Government to provide €195m in extra health funding to cover deficit

New supplementary estimate to be proposed despite earlier opposition to such a move

Minister for Health Simon Harris whose department is expected to receive additional funding of almost €200 million to cover overspending. Photograph: Brian Lawless/PA Wire

Minister for Health Simon Harris whose department is expected to receive additional funding of almost €200 million to cover overspending. Photograph: Brian Lawless/PA Wire

 

The Government is expected to provide close to €200 million in additional funding for the health service this year to address overspending.

Supplementary health funding of €195 million is likely to be proposed to the Oireachtas in the coming days just months after the Government said there would be no such top-ups for the department.

The Government is also set to allocate about €28 million in supplementary funding in a number of other areas including the Department of Employment Affairs and Social Protection and to cover Army pensions.

However, there are also expected to be further supplementary estimates announced for areas such as housing and education in the days ahead.

The Irish Times reported in September that the HSE was facing a financial overrun of about €300 million for the year. However, the HSE argued that the causes for much of the projected deficit were beyond its control.

The HSE believed about €100 million of the projected €300 million deficit, for example, was the result of Government decisions made after the HSE service plan was agreed last year.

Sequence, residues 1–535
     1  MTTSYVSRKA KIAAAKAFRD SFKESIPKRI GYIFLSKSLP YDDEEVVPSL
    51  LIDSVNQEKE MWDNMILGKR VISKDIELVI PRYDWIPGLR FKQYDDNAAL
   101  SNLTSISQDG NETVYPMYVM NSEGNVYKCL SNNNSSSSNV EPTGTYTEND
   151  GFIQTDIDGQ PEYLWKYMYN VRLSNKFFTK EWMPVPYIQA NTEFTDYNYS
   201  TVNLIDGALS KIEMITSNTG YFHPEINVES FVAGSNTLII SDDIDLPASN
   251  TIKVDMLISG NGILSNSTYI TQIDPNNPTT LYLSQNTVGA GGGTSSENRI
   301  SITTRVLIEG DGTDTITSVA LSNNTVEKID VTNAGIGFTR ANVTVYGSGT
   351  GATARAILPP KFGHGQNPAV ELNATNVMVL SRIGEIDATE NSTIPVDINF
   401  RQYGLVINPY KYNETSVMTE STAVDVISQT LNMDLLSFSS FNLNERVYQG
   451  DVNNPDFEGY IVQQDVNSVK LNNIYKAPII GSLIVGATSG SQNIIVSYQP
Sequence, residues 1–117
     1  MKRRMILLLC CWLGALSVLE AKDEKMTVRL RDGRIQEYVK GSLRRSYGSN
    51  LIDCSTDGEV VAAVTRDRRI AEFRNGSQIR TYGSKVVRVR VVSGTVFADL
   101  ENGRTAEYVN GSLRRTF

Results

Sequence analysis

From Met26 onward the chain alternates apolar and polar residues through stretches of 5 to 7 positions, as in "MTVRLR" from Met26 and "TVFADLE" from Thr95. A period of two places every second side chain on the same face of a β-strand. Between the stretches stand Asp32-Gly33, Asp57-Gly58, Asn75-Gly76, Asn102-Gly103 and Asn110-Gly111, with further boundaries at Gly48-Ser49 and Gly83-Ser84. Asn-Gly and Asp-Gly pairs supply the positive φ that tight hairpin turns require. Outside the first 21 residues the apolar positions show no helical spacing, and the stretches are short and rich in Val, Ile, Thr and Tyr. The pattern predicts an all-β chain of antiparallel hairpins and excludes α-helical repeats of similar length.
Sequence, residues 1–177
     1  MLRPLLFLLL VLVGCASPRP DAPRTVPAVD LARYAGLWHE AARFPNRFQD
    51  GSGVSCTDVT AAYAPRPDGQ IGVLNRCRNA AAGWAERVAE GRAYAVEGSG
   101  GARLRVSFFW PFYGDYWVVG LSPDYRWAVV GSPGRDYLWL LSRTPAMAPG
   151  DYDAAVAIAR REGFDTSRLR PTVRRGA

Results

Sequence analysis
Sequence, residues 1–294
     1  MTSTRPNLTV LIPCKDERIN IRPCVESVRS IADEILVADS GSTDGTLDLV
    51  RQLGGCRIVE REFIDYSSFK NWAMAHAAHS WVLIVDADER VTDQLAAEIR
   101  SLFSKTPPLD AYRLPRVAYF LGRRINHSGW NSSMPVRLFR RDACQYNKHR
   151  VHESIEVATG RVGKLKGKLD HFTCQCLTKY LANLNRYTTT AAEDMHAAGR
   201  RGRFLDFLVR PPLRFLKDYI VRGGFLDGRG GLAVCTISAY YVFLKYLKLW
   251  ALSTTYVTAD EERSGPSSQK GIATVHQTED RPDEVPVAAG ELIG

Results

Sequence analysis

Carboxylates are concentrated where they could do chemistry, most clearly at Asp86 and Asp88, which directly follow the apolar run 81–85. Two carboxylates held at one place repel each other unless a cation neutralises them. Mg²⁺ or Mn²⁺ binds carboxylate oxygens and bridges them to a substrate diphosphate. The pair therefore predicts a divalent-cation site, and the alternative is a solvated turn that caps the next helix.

This included an initiative to bring forward a €1,000 payment due under the Lansdowne Road Agreement to public servants by a number of months, which cost the health service up to €60 million.

Medical negligence

Another €50 million of the projected deficit was the result of greater than expected payouts by the State Claims Agency (SCA) for medical negligence cases. While the agency handles claims, ultimately the HSE pays the bill despite having no control over the number and size of payouts.

Minister for Public Expenditure Paschal Donohoe maintained in September that the projected deficit in the health service budget this year had to be “managed and dealt with” from within existing resources. He ruled out a supplementary estimate for the Department of Health.

It is understood the additional funding for health, which has been agreed by Ministers, will cover the cost of centralised pay decisions, payments involving the SCA and other areas of income shortfalls.

Overruns

However it is expected that performance-related financial overruns, for example in hospitals, will have to be met from the HSE’s own resources.

The Department of Public Expenditure said some €10.7million would go towards the cost of Army pensions and a further €10 million to the budget of the Department of Employment Affairs and Social Protection. Additional funding of €6.4 million is to go towards meeting the cost of pensions and lump-sum payments for public service staff.

The Department of Public Expenditure said a further €700,000 would be allocated to the Public Appointment Service while the office of the Director of Public Prosecutions would receive an additional €400,000.